[ac]These should have been posted in C&EN. That was often done during that time period as a way to alert the general chemical community. Part of the other problem is that many biochemists don’t read ACS publications.
[ag]While it made the rounds at the time, there are plenty of undergrads and grads working in labs who aren’t reading C&EN. C&EN is a pretty specialized resource. When I was working in a molecular genetics lab, I hadn’t even heard of C&EN.
[ah]Is there that much of the sensitizer floating around the building? Why weren’t they working with this in the hood???
[ai]Hoods are not black holes. For example, when it comes to powders they can disrupt use of the material because of the air movement in the work area
[aj]We have seen similar reports in other settings. Usually anecdotal and not as clearly documented as this. Review the literature on “multiple chemical sensitivities”. I frequently have trouble with these reports as the claims seem very wild. However, we know that sub-picomol levels of agents such as we are discussing here can induce an allergic Rx in hyper-sensitive people.
[ak]Taysir shared a comment below on why these are difficult to work with in hoods.
[al]Agree with Ralph. The appropriate engineering control for working with or weighing powders are enclosures with HEPA filtration design for that purpose, not fume hoods.
[am]Like Neal, I remember the emergence of the idea of Multiple Chemical Sensitivies and how much this confused the EHS world. There was a weird mix of science and pseudo-science that we were required to react to in addressing situations both in the lab and outside it
[an]A question this paragraph raises for me as a trainer is whether I should call attention to the chemical properties of the material the way this article does or whether I should alert people to the symptoms that they should be alert to as warning signs. The OSHA lab standard suggests training peiople on “signs and symptoms” rather than focusing on chemcials
[ao]Would it be better to do both? If one knows the symptoms but not the agent, then there could a wide range of things that could lead to these symptoms, even some not in the lab. It seems like there really needs to be causality established.
[ap]I would also think that this would be considered when discussing the design of experiments and lab protocols. You don’t want to wait until someone is having symptoms to do something about it.
[aq]I feel like the safety aspects of the research carried out in the lab doesn’t get discussed enough , even in group meetings. It’s only after something terrible has happened. I’m wondering how this culture can be affected.
[ar]Monica – that is a fundamental point of the increased interest among grad students in safety. As they move on to their careers they will become the safety leaders.
[as]1955 to 2011 – it is pretty wild to see how long it can take for a regularly used chemical to be recognized for the harm it can cause. This is important to keep in mind as we work on the cutting edge of scientific experimentation!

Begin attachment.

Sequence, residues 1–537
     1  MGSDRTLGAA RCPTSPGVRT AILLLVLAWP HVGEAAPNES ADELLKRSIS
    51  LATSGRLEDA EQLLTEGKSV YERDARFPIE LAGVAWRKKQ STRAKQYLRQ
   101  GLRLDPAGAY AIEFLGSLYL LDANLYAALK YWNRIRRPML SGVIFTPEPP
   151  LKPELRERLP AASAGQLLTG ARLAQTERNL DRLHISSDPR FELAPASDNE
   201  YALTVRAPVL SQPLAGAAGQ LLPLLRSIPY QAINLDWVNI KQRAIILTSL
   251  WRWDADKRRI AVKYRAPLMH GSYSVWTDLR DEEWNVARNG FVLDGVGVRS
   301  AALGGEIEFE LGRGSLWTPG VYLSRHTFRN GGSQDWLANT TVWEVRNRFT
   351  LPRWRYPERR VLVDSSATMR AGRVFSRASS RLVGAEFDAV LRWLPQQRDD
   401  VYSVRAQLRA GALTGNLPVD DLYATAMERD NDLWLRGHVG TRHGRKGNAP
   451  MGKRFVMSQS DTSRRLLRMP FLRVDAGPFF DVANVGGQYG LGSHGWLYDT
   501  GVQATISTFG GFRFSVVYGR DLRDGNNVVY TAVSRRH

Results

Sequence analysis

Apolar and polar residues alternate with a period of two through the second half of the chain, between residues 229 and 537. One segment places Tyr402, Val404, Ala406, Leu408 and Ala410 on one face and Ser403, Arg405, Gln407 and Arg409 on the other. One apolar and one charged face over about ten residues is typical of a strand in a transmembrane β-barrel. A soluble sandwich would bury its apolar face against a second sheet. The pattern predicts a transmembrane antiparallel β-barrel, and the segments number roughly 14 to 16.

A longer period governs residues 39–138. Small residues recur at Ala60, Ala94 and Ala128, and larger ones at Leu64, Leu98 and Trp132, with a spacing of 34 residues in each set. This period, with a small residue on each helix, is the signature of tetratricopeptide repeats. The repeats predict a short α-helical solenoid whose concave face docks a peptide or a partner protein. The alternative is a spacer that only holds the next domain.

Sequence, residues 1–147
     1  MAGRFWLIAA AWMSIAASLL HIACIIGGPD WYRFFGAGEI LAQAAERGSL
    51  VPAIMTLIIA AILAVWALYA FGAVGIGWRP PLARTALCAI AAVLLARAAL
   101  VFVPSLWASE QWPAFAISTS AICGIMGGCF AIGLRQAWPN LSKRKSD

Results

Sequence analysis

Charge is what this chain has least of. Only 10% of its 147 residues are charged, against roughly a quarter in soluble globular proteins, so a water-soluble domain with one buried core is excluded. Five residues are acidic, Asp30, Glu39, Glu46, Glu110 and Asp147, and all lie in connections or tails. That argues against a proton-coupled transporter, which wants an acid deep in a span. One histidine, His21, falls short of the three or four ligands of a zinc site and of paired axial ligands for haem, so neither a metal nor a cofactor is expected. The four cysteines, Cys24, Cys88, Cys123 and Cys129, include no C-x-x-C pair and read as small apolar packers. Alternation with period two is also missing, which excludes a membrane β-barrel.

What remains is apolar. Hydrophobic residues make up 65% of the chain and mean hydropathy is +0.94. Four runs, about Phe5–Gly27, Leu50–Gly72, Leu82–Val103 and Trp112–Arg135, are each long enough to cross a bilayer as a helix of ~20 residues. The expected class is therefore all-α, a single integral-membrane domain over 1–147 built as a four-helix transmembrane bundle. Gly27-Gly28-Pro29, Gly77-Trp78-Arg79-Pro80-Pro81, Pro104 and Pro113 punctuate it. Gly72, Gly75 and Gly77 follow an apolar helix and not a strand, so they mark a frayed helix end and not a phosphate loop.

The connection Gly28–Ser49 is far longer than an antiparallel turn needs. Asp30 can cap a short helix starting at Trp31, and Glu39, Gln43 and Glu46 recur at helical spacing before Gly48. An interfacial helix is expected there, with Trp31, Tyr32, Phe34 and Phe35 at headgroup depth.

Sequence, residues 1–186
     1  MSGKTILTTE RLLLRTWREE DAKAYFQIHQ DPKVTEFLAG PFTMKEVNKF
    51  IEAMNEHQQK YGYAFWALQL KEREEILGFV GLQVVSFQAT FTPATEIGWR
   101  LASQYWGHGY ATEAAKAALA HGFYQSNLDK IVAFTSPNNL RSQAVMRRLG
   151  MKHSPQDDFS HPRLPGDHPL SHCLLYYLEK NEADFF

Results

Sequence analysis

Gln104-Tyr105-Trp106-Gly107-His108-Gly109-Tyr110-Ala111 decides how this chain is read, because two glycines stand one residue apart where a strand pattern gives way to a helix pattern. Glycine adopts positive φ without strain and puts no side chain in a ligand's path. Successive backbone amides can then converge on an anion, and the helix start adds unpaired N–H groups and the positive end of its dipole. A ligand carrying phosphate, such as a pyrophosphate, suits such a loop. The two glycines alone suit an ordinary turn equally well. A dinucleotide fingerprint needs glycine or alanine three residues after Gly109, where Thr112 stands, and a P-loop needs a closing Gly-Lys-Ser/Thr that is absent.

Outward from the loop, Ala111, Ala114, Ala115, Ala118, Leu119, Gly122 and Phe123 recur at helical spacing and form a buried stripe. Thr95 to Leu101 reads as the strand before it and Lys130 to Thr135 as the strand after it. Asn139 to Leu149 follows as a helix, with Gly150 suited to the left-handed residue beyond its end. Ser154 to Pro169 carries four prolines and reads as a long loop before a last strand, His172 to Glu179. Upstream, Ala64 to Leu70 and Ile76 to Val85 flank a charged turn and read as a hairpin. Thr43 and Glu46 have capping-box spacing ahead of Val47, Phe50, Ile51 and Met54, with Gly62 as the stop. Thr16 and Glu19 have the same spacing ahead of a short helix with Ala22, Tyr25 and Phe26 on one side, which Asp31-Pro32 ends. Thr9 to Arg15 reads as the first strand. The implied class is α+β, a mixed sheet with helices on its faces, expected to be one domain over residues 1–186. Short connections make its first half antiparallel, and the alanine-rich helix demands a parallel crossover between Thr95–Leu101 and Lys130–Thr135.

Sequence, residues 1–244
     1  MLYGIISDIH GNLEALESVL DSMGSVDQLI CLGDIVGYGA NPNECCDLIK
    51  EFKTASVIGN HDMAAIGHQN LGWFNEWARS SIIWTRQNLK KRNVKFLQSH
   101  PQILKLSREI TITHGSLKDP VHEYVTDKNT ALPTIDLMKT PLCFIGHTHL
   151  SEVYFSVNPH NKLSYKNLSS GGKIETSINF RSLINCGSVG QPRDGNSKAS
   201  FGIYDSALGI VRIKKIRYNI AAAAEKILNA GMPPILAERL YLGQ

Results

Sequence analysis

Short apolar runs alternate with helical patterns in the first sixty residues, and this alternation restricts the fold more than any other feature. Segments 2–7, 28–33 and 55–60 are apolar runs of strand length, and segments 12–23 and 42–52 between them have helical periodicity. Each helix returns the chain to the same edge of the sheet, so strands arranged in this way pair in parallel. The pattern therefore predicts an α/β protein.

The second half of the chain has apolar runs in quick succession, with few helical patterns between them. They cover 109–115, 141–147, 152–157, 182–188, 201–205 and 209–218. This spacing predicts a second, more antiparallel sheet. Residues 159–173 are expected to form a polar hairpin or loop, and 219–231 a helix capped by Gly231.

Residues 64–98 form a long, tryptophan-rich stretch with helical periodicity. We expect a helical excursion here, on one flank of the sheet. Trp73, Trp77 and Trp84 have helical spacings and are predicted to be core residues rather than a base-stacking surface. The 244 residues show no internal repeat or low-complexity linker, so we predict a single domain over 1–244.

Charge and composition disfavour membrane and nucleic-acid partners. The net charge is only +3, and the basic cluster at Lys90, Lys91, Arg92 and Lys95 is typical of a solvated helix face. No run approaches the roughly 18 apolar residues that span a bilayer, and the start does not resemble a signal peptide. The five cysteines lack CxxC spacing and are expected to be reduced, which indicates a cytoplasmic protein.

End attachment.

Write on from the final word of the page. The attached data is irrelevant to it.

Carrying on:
[at]Part of the problem, again, may be in the communication forums used during that time. I wonder if some of the more common social media will make this easier now…
[au]I may not be following the correct social media, I don’t see a lot of lab procedure information there. Where would one look for these stories?
[av]The measures taken are pretty basic – and involve things that are now available in virtually ALL labs. This is another important consideration.
[aw]Is there a process for decontaminating the balance and hoods in place? Can the agents be deactivated by other chemicals?
[ax]I believe bleach will not work with these chemicals, may be cleaning by ethanol is the best solution
[bc]Yup, DEHS at my institution provides that testing
[bd]I suspect that the allergeric reactions could be triggered by skin exposure and other environmental contamination as much as respiratory exposure. The NP95 masks will help by avoiding cross contamination from your hands to your face, which may be helpful
[be]As a result of this paper, I convinced my group to buy a new balance to keep in the hood for weighing out HCTU and to follow the suggested protocol. The issue we ran into is that due to the hood flood it takes a very long time for the balance to tare. Since our peptide synthesizer is cartridge based we have to weigh the coupling reagent individually for each amino acid. As a result, it now takes days instead of hours to finish weighing all the amino acids. Many researchers in our lab have instead elected to wear N95 masks when weighing the coupling reagent instead of using the hood balance
[bf]That is interesting. We didn’t have any hoods in my lab with balances in them, but I have used them in other labs and had no issues with them taring. I’m wondering now what made the difference.
[bg]Probably due to our hoods being ancient to be honest. I am not happy about this solution, but I understand why people go for it
[bh]generally it is difficult to weigh powders inside the chemical fume hood due to air flow, however, crystalline material is ok
[bi]Housekeeping is very important to handle such chemicals in the lab
[bj]It also takes some time and practice to get used to working with powders and crystalline materials that I don’t think most students really get until they are working in a research lab. Working a hood does add to the complexity of this.